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ferent persons, but by the same person at different times, the same person in different stages of the Christian progress, the same person under different measures of

divine grace.

Finally, would we know whether we have made, or are making, any advances in Christianity or not? These are the marks which will tell us. Do we think more frequently about religion than we used to do? Do we cherish and entertain these thoughts for a longer continuance than we did ? Do they interest us more than formerly? Do they impress us more, do they strike us more forcibly, do they sink deeper? If we perceive this, then we perceive a change, upon which we may ground good hopes and expectations; if we perceive it not, we have cause for very afflicting apprehensions, that the power of religion hath not yet visited us ; cause for deep and earnest intercession with God for the much wanted succour of his Holy Spirit.

II.

WHY MEN RESIST AND PUT ASIDE THE THOUGHTS

OF RELIGION.

Sr. John III. 19, 20.

And this is the condemnation, that light is come into

the world, and men loved darkness rather than light, because their deeds were evil. For every one that doeth evil hateth the light, neither cometh to the light, lest his deeds should be reproved.

Our Lord, two verses preceding these, states the momentous truth, that “God had sent his Son into the world, that whosoever believeth on him should not perish, but have everlasting life.” But in the works, no less than in the words of God, the intention is not always the same with the effect, but often of a nature entirely contrary. Who can doubt but that the intention of our Maker, in giving us the faculty of speech, was mutual utility and pleasure ? Yet the faculty of speech often produces the very reverse of these, mutual annoyance and offence. Our joints and limbs were formed, without question, with a design of being instrumental to action and motion ; yet the effect not seldom is, that they are the seats of pain and disease. It fares in like manner with the Christian dispensation. Its intention was to redeem souls, to save them from sin, from the devil, and from death; to turn us from our sins; to lead us into the ways of life, and to con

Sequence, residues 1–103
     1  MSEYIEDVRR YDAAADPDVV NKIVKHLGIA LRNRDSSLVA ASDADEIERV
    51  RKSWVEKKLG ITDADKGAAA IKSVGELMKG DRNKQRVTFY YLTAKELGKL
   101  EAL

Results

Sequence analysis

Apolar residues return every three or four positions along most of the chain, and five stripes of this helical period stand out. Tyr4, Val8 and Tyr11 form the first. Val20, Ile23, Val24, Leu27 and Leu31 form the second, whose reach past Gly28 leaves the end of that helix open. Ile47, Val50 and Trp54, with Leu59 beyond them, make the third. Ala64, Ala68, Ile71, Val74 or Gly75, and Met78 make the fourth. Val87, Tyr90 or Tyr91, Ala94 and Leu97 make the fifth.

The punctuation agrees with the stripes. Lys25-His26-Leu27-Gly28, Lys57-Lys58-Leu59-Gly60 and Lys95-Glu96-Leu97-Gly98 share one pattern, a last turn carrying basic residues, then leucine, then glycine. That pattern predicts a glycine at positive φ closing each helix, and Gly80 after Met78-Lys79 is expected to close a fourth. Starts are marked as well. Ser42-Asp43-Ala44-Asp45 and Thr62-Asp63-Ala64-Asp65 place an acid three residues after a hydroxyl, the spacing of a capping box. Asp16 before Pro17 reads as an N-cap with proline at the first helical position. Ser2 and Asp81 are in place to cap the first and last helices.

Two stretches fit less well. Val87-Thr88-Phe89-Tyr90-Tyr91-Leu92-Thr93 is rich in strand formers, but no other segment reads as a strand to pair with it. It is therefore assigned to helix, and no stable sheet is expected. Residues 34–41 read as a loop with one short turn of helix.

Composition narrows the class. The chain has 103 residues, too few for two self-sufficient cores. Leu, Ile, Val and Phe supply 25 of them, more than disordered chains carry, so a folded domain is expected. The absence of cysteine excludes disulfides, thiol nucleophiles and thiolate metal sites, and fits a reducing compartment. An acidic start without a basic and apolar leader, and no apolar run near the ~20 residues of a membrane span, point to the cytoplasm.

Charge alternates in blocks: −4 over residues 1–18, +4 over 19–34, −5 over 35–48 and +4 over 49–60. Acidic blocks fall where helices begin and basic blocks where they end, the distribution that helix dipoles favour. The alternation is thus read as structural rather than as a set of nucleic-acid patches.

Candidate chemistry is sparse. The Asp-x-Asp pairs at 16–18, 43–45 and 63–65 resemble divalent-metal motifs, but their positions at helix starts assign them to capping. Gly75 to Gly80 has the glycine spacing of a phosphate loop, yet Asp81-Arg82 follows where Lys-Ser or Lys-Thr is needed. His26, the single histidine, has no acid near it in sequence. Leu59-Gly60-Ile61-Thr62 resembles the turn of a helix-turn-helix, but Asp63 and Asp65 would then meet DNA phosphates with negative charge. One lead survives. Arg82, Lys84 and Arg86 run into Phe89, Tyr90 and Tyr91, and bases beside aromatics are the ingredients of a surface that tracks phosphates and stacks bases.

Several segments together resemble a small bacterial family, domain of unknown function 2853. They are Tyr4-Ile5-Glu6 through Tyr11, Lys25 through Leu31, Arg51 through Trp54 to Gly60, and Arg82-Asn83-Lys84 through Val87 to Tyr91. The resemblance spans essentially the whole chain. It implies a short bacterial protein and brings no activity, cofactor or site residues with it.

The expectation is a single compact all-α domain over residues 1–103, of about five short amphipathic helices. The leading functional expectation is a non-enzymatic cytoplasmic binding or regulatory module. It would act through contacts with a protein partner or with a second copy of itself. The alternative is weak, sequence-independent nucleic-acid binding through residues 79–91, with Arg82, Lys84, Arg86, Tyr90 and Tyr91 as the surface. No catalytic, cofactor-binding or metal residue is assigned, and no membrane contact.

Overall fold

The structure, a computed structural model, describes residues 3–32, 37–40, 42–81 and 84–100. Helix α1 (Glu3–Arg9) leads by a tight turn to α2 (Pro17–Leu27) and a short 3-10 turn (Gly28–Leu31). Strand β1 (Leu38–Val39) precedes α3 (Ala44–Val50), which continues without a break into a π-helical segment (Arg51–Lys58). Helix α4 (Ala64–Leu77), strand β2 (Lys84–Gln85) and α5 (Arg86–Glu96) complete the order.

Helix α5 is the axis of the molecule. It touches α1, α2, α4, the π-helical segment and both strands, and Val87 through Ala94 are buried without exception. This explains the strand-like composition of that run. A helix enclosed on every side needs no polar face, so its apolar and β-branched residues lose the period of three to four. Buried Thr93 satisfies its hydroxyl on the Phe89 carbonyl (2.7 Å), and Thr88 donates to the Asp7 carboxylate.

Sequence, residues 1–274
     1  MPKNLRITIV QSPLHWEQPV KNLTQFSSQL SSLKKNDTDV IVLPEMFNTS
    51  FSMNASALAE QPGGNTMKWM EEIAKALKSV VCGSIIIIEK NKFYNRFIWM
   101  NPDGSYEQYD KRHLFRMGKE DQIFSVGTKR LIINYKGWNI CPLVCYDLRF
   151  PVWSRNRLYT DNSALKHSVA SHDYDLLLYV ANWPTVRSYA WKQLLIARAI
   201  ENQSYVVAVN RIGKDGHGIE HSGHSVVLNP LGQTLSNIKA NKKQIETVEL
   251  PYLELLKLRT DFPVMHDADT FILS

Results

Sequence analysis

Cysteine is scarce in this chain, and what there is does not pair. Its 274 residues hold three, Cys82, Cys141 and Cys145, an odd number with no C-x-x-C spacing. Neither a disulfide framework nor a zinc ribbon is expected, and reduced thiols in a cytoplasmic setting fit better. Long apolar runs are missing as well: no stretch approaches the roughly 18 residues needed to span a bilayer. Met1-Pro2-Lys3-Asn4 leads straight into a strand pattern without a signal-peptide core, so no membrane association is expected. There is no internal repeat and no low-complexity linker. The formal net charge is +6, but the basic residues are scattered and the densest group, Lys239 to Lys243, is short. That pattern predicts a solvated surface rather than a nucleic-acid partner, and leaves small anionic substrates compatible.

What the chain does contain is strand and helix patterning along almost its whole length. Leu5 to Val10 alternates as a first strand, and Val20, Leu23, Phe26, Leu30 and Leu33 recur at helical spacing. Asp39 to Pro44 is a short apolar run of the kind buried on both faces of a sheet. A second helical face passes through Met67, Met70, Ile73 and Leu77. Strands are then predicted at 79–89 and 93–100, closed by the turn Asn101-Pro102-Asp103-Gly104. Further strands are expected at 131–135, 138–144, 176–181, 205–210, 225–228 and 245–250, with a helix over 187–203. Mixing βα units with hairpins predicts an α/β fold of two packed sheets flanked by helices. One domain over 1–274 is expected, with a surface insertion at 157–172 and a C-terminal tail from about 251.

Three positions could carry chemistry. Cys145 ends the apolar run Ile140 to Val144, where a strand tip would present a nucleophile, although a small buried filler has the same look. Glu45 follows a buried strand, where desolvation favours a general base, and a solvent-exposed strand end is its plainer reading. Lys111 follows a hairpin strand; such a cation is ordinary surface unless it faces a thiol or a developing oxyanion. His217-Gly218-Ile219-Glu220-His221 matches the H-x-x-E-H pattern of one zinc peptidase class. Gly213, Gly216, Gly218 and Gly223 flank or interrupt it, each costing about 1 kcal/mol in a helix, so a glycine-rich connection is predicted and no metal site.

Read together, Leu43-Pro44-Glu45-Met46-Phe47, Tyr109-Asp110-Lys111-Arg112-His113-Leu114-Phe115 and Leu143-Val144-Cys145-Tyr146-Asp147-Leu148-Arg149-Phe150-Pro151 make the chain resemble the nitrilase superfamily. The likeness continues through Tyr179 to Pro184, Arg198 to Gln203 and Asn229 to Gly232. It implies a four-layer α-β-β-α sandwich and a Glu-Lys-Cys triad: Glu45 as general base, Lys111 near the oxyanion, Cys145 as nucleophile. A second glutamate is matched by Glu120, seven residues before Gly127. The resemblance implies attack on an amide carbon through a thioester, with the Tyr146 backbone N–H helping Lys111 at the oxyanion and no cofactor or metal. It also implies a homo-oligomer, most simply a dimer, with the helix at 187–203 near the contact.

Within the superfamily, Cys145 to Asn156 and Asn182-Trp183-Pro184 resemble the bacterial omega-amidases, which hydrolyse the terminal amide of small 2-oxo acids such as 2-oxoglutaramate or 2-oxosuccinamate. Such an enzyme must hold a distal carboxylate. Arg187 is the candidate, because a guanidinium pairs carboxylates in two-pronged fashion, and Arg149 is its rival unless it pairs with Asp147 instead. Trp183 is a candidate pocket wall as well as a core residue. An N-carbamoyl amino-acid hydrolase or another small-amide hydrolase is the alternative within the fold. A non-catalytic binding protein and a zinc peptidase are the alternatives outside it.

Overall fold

duct us in the paths of righteousness, which is the path to Heaven and to God. This was its intention, but far different its effects : its effects, in many instances, are altogether opposite ; they are not unfrequently, such as to increase the condemnation and punishment. “He that despised Moses' law died without mercy; of how much sorer punishment, suppose ye, shall he be thought worthy, who hath trodden under foot the Son of God, and counted the blood of the covenant, wherewith he was sanctified, an unholy thing, and hath done despite unto the spirit of grace ?” It has been noticed, that this is no more than what happens in the gifts of nature: they are all intended for use, capable of abuse ; calculated for good, convertible to evil; designed and suited for our benefit, turned by ourselves to our prejudice, perhaps to our destruction. What is generally true of the endowments which we receive from the hands of our Creator, may be expected to be true of spiritual things, of the works and operations of

grace, distinguished indeed from the course of nature, but proceeding from the same cause; and more particularly true of those things which were meant and intended to be not only benefits but trials. Religion is a trial of character. The world we live in is a place, the life we live is a state, of trial and probation. Christianity itself is a part of this system. It is a trial to all, to whom it is proposed ; infinitely to their advantage, if accepted ; at their utmost peril, if put away and rejected. “Ye put it from you,” says St. Paul, “ and judge yourselves unworthy of eternal life.” Therefore we are not to wonder as though it were any thing strange, that the intention of the Gospel is different from its effects. It is, in a certain degree, the case with all things which belong to us. It is more